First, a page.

Graham Kenny: Nicolaou – a ghost of judgments past

Graham Kenny: Nicolaou – a ghost of judgments past

Graham Kenny

Eversheds Sutherland partner Graham Kenny recalls a dark part of Irish legal history brought to light in a recent Supreme Court case.

Last month, a seven-judge Supreme Court unanimously held that the current law that denied John O’Meara a widow’s contributory pension was unconstitutional.

Mr O’Meara had been in a relationship for 20 years and had three children before his partner developed breast cancer and died in 2021. When he applied for the pension he was denied on the basis that he did not satisfy the definition of a widower or a civil partner.

The legislation will now be sent back to the Oireachtas for review.

One of the fascinating features of this case lies buried within its lengthy judgments. While the court was unanimous, it was split 5-2 on the rationale for its decision. The majority, lead by Chief Justice O’Donnell, based their decision on Article 40.1 which is an equality guarantee for all citizens.

However the minority judgments of Justices Hogan and Woulfe relied upon Article 41, relating to the constitutional protection of the family. In particular, they attempted to overrule a previous Supreme Court decision known as Nicolaou.

A distraught ghost of Ireland’s Catholic past lurks within their pages. The anodyne analysis of the judgment’s text belies the tragedy of a forgotten family that our laws did not protect.

In the 1950s, Leon Nicolaou, a Cypriot immigrant, lived in London and ran a small coffee shop. A young Kathleen Donnelly travelled from Ireland and soon took up a job in the cafe as a waitress. Leon was 20 years Kathleen’s senior but the pair soon became romantically involved.

In time, Kathleen returned home to Ireland only to discover that she was pregnant. This was considered a scandalous event and so Leon offered to remedy matters by marrying her. Kathleen’s parents approved of the marriage on the condition that Leon become a Catholic. The marriage was therefore delayed to allow for this conversion.

Events overtook the couple, however, when in February 1960 Kathleen gave birth to a baby girl, Mary Carmel, in a north London hospital.

In complete distress, Kathleen and her new baby returned to Ireland and were admitted to St Patrick’s Mother and Baby Home which had a reputation for exceptional harshness. The nuns at St Pat’s sent more than 250 children to the US from the 1940s to the 1970s.

Kathleen gave Mary Carmel up for adoption to the nuns and quietly returned to her native Galway.

That would have been an end to the story, but Leon arrived unannounced to Kathleen’s front door. When he was informed what had occurred, he immediately instructed solicitors to challenge the adoption.

Kathleen became so upset that she was admitted to Ballinasloe Mental Hospital and stopped all contact with Leon. But in time the romantic embers between the two were rekindled and they embarked on writing voluminous love letters to each other. Neither knew that these letters would later serve as evidence in a Supreme Court case.

Two young barristers, John Cassidy and Donal Barrington, agreed to take a case for Leon and attempt to stop the adoption, but they suffered a humiliating defeat at the hands of a hostile three-judge High Court.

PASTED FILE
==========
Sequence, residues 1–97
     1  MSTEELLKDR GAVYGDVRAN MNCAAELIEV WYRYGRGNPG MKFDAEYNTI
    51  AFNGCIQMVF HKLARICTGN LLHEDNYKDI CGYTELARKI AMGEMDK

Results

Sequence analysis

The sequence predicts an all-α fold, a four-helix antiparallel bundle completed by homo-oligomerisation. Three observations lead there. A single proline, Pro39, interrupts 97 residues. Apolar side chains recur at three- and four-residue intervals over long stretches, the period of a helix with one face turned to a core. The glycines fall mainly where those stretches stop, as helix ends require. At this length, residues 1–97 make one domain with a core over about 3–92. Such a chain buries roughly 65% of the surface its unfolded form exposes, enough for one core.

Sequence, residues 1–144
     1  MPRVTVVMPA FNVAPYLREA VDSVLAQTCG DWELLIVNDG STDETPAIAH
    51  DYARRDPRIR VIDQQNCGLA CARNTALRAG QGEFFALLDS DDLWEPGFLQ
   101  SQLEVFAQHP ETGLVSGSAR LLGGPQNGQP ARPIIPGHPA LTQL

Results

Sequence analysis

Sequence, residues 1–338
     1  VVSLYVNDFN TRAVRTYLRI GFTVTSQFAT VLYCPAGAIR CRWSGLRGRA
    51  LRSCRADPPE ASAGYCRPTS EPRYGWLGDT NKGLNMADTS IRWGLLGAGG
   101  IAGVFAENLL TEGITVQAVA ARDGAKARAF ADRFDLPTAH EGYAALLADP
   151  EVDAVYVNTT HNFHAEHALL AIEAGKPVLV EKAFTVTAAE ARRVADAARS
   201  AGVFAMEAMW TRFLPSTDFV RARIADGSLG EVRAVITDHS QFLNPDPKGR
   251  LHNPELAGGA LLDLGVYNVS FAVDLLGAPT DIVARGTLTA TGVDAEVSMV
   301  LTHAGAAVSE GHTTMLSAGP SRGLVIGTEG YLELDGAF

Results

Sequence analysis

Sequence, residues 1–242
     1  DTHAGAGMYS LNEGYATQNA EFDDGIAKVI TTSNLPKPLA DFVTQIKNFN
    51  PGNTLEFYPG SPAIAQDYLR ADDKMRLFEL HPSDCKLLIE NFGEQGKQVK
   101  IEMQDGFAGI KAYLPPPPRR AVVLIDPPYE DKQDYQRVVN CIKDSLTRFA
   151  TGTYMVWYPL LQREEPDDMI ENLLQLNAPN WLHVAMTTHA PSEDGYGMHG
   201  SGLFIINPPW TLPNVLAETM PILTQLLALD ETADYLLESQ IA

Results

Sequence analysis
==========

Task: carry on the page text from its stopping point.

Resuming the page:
Undeterred, Leon’s legal team appealed. In November 1965, the case opened before the Supreme Court at a time when the heating system in the courtroom had broken down and members of the judiciary sat with blankets wrapped around themselves.

What followed was one of the most debated and controversial decisions ever to come from the Irish Supreme Court. Delivering the judgment on behalf of the Court, Justice Walsh noted that an “illegitimate child may be begotten” by a number of means including “rape, by callous seduction or by an act of casual commerce”.

In considering these instances, the court ruled that the “family” under Article 41 of Constitution was strictly confined to a married couple and did not extend to an unmarried parent. It further held that a natural father was not necessarily entitled to be heard prior to the making of an adoption order. The decision meant that Leon had finally lost his daughter forever.

Interestingly by 1996, Leon’s former barrister Donal Barrington had himself ascended to the Supreme Court bench and once again had to consider the Nicolaou decision in the case of WO’R v EH. Like the O’Meara case this week, the occasion offered the court the opportunity to overrule the Nicolaou decision completely. Justice Barrington took the opportunity to describe the reasoning of Nicolaou as “fundamentally flawed”. No other judge on the court agreed, however, and Justice Barrington dissented alone.

Nicolaou is a dark decision of its time that has remained hidden in plain sight for almost 60 years. Last month, two judges of the Supreme Court took the bold step of attempting to overrule it and extend the meaning of the “family” within the Constitution. As they were in the minority, the Nicolaou decision remains the law in Ireland and only married couples can claim special protection.

In the face of the upcoming referendum on the meaning of the family in the Irish Constitution, Nicolaou’s story is a salutary tale that should not be forgotten.

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